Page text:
With smartphones now able to summon taxis, food, and potential future spouses/one-night stands, it’s seemingly only a matter of time before they’re used as our primary car keys, replacing the proximity fob.
Tesla is already there to a degree, having rolled out the ability to use its app as an effective proximity key across its line-up. Tesla owners are also able to use a more traditional key fob or key card, although it seems most owners treat this as a safety net, using their phones as a primary key.
It’s not quite all sunshine and rainbows with Tesla’s app technology, though. The app suffered a brief outage late last week, with Tesla CEO Elon Musk noting that it was caused by “server issues”.
The outage resulted in reports of hundreds of Tesla owners being unable to unlock their cars for a brief period, meaning they were effectively stranded while the company mended the problem. Reuters claims that 500 Teslas were impacted by the outage, with another 60 hit later in the day.
“I’m stuck an hour away from home because I normally use my phone to start car” noted one owner. “THOUSANDS of Tesla owners are locked out of their vehicles because Tesla servers went down over two hours ago. I’m one of them. They said we’d be helping the environment by owning an electric vehicle, but ‘walking’ isn’t what I had in mind”, said another.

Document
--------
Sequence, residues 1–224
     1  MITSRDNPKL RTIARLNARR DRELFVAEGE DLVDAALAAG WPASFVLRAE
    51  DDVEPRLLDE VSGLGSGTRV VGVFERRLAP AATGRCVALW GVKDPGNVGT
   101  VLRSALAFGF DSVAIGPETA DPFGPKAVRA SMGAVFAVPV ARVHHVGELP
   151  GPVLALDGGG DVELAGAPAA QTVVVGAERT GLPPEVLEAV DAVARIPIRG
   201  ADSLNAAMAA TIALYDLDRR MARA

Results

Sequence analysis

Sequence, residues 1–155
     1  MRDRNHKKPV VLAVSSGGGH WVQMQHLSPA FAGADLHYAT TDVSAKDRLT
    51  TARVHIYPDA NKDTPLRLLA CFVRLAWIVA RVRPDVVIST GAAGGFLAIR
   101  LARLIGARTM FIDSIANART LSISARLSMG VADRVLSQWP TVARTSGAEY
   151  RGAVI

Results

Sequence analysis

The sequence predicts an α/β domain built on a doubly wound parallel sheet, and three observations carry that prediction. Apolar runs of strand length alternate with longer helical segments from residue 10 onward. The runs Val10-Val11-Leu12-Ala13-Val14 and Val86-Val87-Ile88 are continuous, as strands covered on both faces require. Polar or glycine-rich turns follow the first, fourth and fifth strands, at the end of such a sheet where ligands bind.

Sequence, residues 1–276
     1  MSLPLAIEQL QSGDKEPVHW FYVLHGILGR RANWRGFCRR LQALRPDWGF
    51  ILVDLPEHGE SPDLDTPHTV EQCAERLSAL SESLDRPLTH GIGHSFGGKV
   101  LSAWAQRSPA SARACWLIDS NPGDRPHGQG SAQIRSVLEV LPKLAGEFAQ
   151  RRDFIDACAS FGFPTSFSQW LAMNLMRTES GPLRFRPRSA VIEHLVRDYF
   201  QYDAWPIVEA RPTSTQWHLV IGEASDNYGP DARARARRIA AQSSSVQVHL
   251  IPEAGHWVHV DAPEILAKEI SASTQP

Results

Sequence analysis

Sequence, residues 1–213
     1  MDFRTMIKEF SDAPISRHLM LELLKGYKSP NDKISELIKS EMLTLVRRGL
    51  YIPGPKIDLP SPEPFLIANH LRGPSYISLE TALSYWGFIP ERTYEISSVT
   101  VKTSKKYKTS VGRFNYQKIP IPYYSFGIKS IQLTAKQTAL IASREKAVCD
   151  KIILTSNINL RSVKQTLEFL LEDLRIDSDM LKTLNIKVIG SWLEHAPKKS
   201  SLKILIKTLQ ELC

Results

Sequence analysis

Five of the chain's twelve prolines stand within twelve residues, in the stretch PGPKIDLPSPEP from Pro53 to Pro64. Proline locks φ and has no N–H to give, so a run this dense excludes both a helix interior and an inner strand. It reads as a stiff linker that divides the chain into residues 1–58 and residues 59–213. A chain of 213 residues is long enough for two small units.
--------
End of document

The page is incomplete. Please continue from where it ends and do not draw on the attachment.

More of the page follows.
“[The app is] coming back online now. Looks like we may have accidentally increased verbosity of network traffic,” Musk tweeted. “Apologies, we will take measures to ensure this doesn’t happen again.”
Among those to rub their hands with glee at the outage was Ford North America’s outspoken product communications manager Mike Levine. Levine has been critical of Tesla in the past, and took the opportunity to poke some fun at the rival manufacturer.
Ford’s new fully electric F-150 Lightning is one of several EVs that Joe Biden has recently driven as the US president gears up for more legislation around electric vehicles. One Twitter user mocked the Lightning for its ‘SecuriCode’ numbered keypad on the door; an antiquated but proven keyless entry system Ford has installed in its cars since it debuted on the 1980 Thunderbird.
One Twitter user made fun of the system, writing “look at this innovative $F technology from the 90’s on the F-150 Lightning. I mean, how is @elonmusk supposed to compete with a door button access panel?” Levine replied with glee over the weekend. “With SecuriCode, you are never locked out of your vehicle. Know what I mean?”
Levine later Tweeted a photo of him using a SecuriCode system, presumably on his own personal vehicle, while grabbing a coffee.
The story of SecuriCode is an interesting one. Ford is the only brand that still offers a vin-code-based entry system in its cars today. Several brands, like Nissan, released their own versions of the keyless system, only to eventually phase them out over time. Up until recently, SecuriCode was available as an optional extra on all Ford models sold in the US.